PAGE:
Scottish Government has “dropped” Glasgow to Edinburgh bullet train

A new ScotRail train operating on the Edinburgh to Glasgow line. Picture: TSPL
A new ScotRail train operating on the Edinburgh to Glasgow line. Picture: TSPL
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THE Scottish Government has been accused of “dropping” flagship plans for a bullet train between Glasgow and Edinburgh after it emerged no meetings have been held about the proposals for more than a year.

“We will not wait for Westminster to bring high-speed rail to us,” she told a Glasgow conference in 2012.

But ministers have since been forced to admit that Scotland will have to wait for the HS2 route coming north from England before such a service can be put in place.

And calls for the business case for the route to be released under Freedom of Information laws have now been rejected by ministers – despite about £750,000 having been spent on the proposals so far.

Liberal Democrat leader Willie Rennie said: “What the SNP government want is to keep this hidden so people can’t see them rewriting ­history. They want people to forget that they made a ridiculous promise to have a bullet train up and running between Edinburgh and Glasgow before HS2 had even got as far as Birmingham, let alone Scotland. They have quite clearly scrapped those plans given they haven’t met on a single occasion to discuss them over the past year.”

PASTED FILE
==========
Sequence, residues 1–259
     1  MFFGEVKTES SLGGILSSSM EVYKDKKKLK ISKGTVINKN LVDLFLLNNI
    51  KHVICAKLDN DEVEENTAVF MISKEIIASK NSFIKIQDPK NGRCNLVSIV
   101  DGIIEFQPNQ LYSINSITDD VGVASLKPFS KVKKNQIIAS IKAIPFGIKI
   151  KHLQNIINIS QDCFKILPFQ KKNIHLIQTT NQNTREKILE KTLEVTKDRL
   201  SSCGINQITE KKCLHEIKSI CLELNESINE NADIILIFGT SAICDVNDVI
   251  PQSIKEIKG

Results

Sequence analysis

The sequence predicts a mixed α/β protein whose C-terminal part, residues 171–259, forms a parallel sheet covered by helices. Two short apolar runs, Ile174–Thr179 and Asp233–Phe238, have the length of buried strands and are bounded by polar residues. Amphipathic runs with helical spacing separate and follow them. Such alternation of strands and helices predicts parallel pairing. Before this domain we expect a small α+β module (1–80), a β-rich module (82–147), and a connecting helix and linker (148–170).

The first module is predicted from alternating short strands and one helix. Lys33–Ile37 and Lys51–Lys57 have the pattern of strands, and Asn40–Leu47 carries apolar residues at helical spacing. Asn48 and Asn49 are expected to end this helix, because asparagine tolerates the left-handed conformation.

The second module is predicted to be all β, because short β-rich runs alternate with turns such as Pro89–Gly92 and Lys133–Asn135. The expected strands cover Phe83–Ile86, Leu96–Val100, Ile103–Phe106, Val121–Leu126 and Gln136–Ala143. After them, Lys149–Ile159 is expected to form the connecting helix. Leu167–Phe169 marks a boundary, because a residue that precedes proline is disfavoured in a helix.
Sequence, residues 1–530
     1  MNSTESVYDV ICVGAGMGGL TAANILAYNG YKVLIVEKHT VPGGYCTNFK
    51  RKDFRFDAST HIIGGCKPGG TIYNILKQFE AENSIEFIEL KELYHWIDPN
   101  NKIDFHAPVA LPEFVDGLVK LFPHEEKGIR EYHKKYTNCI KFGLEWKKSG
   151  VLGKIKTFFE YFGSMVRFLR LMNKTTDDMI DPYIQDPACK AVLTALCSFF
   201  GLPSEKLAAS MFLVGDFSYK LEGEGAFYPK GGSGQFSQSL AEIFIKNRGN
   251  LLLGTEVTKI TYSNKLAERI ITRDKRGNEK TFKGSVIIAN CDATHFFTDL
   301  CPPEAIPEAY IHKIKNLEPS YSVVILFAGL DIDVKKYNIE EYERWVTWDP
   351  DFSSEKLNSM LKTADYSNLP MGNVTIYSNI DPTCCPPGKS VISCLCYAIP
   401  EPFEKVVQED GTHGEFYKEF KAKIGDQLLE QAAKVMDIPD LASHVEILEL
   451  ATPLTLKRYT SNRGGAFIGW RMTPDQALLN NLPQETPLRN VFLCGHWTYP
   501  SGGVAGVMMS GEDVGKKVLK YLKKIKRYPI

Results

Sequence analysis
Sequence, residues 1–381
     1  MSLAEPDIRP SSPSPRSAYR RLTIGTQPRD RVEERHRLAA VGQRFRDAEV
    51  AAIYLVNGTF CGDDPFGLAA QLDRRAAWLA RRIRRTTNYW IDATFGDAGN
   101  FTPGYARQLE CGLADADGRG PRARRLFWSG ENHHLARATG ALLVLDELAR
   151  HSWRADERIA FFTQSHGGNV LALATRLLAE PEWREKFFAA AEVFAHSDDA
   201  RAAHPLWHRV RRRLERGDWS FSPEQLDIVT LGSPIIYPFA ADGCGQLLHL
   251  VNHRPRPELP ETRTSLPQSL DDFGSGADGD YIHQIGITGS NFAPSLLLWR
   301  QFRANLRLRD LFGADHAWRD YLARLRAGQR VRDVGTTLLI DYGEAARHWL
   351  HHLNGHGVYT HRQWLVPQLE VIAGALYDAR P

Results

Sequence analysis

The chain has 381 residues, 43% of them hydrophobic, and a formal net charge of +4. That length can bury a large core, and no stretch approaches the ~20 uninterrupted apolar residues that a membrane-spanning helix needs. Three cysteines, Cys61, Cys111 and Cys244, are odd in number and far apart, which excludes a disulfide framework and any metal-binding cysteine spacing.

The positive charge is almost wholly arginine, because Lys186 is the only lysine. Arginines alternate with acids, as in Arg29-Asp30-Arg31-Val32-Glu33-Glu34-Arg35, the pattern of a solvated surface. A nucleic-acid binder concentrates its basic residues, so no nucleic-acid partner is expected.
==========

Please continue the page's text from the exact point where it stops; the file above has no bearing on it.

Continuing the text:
Transport Scotland chiefs say the request to release the report was declined because the public may be “misinformed” unfinished or incomplete information is disclosed.

A Transport Scotland spokesman said a draft study in 2014 made clear the bullet train depended on the cross-border high speed rail line.

“This is due to the requirement to maximise economic benefits by sharing as much track as possible to minimise cost to the public purse,” he added. Since the Broad Options Study undertaken by HS2 Ltd, which identifies the preferred options for cross border routes, was still underway and had yet to identify options for extending High Speed Rail into Scotland, the focus moved to identifying a high speed link coming up from the south.”